With the pandemic and the renewed use of social media as a means to connect, the non-profit sector was able to make itself heard more than ever by a larger share of the population. Being able to use social media and their inherent codes is not something that can be improvised – although when done right it can yield great results – and the smaller private actor had thus a significant head start on the matter. Moreover, if you take the example of the ‘online march for the climate’, we quickly understand that not only are those kinds of movements initiated by small actors who have been working in the field for years, but their success is also due to the very small cost it takes for anyone to join. More than ever, it is easier to gather people around – be they from their room, two streets apart or from a completely different part of the world, giving movements an unprecedented echo. To take one other example, this phenomenon was very clear during November’s COP 26. Countless environmental groups organised online gatherings; a number of associations that would not have been invited to the COP were, this time, invited to join online seminars to offer their opinions in the debates.
However, when the dust finally settles, one thing remains: although there are definitely more windows of opportunity for smaller actors to attract masses and to convince society their cause is important to stand up for, it is unclear at the moment whether their new-found digital weight actually translates in real life negotiations, as the outcome of the COP26 disappointedly proved.
The fine line between being heard and being listened to
This month, we wondered if the pandemic had changed anything in the old status quo in place for smaller actors in the negotiating area. Our analysis brings a mitigated answer to this question.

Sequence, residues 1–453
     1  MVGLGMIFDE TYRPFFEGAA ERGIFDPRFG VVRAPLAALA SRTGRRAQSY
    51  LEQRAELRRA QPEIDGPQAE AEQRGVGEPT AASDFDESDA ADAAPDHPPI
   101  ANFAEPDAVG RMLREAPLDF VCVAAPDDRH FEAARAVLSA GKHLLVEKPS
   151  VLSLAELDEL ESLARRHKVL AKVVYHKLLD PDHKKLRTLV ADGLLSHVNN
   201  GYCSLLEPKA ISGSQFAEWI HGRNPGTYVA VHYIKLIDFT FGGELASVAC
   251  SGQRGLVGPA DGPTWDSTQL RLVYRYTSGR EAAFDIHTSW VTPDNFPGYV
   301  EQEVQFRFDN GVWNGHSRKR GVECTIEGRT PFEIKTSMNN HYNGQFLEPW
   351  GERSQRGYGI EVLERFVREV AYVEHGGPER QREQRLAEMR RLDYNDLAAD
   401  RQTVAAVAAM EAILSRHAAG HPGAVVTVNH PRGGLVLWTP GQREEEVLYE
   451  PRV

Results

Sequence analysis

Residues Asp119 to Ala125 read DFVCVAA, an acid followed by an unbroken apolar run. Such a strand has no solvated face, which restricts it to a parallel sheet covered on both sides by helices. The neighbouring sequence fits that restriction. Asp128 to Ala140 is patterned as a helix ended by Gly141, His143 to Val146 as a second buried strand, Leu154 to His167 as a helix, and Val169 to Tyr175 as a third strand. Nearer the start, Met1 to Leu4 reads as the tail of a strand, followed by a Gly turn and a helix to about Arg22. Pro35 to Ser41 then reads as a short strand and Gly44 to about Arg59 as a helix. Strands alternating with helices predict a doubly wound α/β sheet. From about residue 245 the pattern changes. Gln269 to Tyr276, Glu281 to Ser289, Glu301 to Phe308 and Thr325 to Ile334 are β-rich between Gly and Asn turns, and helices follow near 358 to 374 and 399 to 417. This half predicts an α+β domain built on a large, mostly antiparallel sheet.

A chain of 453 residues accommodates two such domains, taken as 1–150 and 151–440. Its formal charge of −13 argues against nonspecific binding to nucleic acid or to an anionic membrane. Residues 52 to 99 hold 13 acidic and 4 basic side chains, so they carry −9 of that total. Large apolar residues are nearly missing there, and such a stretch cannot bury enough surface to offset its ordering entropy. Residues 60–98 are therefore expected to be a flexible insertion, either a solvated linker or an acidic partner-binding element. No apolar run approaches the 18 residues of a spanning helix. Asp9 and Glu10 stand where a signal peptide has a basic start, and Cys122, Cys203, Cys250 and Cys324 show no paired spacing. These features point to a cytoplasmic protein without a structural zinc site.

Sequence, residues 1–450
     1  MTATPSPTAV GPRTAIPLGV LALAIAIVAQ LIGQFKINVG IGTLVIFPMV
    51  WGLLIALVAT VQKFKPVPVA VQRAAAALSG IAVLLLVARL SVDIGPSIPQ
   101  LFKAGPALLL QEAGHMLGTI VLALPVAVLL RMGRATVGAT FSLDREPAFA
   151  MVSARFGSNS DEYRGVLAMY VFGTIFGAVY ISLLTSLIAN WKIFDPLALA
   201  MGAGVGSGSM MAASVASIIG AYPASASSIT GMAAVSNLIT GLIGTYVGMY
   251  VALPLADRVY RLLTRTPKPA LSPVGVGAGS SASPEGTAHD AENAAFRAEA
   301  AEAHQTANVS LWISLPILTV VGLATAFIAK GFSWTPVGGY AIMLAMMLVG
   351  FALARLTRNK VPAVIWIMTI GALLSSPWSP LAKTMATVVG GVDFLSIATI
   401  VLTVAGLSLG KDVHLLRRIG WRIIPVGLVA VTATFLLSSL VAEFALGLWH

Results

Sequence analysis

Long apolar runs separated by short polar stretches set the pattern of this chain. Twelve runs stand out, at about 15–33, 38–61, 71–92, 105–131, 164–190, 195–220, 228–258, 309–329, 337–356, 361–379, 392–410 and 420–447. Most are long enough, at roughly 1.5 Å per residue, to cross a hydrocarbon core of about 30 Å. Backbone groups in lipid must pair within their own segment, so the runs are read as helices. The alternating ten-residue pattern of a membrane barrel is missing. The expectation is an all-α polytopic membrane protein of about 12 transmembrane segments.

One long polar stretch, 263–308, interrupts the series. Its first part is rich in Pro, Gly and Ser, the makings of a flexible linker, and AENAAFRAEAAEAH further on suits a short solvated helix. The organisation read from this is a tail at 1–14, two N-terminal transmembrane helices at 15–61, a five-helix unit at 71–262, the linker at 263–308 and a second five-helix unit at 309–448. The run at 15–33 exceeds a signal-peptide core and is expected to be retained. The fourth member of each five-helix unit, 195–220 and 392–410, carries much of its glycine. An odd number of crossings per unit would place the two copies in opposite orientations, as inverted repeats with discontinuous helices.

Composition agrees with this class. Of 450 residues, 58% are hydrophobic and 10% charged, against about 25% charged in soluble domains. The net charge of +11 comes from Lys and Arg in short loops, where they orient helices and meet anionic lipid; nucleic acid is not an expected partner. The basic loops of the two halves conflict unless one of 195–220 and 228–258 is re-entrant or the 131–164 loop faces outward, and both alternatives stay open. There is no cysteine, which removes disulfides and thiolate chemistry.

At first glance, the switch to online platforms certainly helped to equalise everyone’s position in the formal setting of a negotiation. While smaller actors have always relied more heavily on outside lobbying strategies and had an advantage when it came to mobilise online, it does not seem to significantly translate in negotiation outcomes. The shift to online has given the impression to smaller actors that they could use the opportunity to make themselves seen and heard … but there is a line between being heard and being listened to.
That being said, the ‘size’ of your counterparts in a negotiation is one of the many variables to factor in while creating your strategy of negotiations. Next month, for our last blog post on the changes induced by the pandemic on negotiations, we will bring all the different elements back on the three axes and offer a first general conclusion before the publication of our guidebooks. See you next month!